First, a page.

Daphne Manners (played by Susan Woolridge (Scott said he began the novel with the image of a girl fleeing violence …)

The Raj Quartet itself:

Raj Quartet is a story that begins with a rape, and folds out in layers of responses and development of the original cast of characters involved directly and indirectly. Alas it reminds me of our own culture only make the Indian young men blamed for the rape into Black young men in Central Park; beaten up, sent to jail for years and never properly publicly vindicated. These crimes are skillfully linked to the political turbulence of the “Quit India” riots of 1942, and the response to the civil unrest forms the major part of the novel, with the reactions of civil and military forces, of Indian judges and English memsahibs, of petty criminals and Indian princesses all woven together to give the novel its rich texture and alluring moral complexities. Not only do different characters reveal different views of the same incident but they present them through a variety of literary forms. The reader must evaluate letters, memoirs, formal reports, a journal, a legal deposition, and omniscient flashbacks, all dealing with basically the same events seen from different points of view. As Scott adds layer upon layer of detail to the plot, it becomes clear that making any kind of moral judgment of the events or the people involved in them is going to be hard. Trollope’s first novel is about a young Catholic Irish man accused of murdering an English officer and he ends up hanged because the people running the state make him a scapegoat for revolutionary Catholic Irish groups. The Macdermots of Ballycloran.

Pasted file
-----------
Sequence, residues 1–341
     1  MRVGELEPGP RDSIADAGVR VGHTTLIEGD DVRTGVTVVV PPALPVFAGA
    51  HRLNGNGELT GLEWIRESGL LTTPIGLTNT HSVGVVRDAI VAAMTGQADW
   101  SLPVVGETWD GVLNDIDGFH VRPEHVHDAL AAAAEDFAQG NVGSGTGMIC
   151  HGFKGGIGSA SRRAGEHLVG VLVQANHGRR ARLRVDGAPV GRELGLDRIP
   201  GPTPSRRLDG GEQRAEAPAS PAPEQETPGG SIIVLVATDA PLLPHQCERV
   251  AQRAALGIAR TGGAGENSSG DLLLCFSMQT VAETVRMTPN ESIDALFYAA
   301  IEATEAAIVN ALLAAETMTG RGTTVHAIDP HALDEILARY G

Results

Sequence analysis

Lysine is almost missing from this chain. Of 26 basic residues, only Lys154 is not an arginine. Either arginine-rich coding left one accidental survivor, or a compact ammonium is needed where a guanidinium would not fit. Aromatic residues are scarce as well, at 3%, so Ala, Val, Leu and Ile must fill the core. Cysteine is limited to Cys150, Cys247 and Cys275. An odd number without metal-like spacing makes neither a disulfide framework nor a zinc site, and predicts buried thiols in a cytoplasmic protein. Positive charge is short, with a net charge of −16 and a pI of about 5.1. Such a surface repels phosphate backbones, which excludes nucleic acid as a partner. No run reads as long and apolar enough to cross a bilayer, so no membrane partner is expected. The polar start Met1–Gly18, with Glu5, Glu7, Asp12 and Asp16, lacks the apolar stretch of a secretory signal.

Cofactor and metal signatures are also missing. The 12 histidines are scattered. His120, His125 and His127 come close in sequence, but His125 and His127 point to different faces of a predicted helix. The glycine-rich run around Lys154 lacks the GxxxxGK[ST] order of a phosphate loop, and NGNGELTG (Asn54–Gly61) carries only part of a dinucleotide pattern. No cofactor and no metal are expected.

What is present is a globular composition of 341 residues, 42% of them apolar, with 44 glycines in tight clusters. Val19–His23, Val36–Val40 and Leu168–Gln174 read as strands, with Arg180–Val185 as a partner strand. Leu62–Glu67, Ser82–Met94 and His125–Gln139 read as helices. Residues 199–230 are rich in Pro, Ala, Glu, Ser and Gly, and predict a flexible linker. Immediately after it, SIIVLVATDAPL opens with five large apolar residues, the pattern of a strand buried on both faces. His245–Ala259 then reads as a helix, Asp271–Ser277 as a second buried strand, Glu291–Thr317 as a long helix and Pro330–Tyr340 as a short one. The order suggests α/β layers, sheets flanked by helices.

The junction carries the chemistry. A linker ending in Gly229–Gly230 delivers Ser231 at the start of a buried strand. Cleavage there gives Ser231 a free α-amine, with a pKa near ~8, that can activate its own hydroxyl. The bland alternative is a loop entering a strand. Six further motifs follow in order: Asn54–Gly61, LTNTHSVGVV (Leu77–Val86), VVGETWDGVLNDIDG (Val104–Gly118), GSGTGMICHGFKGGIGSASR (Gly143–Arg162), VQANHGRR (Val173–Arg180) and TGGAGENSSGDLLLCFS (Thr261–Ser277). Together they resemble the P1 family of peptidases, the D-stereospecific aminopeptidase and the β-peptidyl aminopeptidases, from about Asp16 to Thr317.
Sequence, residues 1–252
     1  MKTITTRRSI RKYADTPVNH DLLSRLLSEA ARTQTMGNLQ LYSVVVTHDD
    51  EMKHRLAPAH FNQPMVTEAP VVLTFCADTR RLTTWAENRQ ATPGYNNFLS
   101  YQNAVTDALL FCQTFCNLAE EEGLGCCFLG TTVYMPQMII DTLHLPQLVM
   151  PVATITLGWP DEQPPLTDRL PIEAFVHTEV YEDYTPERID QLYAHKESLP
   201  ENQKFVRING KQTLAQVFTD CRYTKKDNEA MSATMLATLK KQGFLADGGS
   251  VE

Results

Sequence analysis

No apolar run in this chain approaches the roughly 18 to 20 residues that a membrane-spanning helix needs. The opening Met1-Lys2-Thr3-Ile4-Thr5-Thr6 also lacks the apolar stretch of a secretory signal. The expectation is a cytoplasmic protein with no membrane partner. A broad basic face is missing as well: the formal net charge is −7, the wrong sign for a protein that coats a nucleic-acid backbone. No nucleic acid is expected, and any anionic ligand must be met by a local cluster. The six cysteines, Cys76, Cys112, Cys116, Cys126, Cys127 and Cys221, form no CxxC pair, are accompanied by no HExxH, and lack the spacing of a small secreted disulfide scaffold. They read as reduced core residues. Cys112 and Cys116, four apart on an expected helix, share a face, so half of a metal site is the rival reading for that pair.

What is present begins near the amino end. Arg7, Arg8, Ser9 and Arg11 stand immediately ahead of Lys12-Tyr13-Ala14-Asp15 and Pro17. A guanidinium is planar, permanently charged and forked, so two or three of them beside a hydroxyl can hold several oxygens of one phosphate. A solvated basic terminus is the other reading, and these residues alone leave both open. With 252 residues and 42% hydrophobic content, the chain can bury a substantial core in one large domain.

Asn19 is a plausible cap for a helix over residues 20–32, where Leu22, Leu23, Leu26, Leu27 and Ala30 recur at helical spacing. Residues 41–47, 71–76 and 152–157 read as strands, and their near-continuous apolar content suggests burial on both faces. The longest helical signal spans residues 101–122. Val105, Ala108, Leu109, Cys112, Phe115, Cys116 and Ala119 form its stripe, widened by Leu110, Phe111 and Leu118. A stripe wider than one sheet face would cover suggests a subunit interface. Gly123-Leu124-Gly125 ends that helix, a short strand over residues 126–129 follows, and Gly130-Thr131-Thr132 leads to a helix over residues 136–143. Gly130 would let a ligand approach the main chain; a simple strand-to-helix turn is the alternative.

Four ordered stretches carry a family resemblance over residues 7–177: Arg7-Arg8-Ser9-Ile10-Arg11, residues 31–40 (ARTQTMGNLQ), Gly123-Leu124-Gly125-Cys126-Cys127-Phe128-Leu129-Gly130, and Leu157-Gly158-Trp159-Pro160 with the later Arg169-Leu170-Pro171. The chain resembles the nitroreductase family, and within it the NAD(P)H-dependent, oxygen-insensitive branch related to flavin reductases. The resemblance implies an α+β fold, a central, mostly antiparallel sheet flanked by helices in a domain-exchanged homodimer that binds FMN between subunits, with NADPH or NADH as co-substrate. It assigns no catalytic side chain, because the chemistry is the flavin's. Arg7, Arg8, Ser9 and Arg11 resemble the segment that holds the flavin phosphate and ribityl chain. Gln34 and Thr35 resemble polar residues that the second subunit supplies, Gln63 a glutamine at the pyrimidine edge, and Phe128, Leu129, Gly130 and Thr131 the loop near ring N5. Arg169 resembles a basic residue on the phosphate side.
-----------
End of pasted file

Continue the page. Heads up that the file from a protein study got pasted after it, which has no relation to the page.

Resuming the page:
Daphne Manners is willing to go out with Hari Kumar but when they are attacked she shows her racism by refusing to tell the truth: the two were having sex in the Bigighar Gardens; and by getting him to promise not to tell, and not standing with him she condemns him to helpless silence. The characters we see cannot escape being racist. Sarah Layton, the traditional and decent heroine who is a major voice in the second novel involves herself with an Indian Muslim man but she marries a white professor. She accedes to pressure and has an abortion when she gets pregnant by someone else. Scott does not present us with unreal victims and innocents. Barbie Bachelor, Mabel Layton’s companion, turned out as soon as the kind high officer’s wife dies, is one of the untouchables of English society – hers is the chief voice of the third book. The last book deals with the partition and brings in world historical characters.


Hari Kumar (Art Malik), the hero of the Raj Quartet, kept off stage most of the time — Scott invested a lot of himself in this deeply betrayed character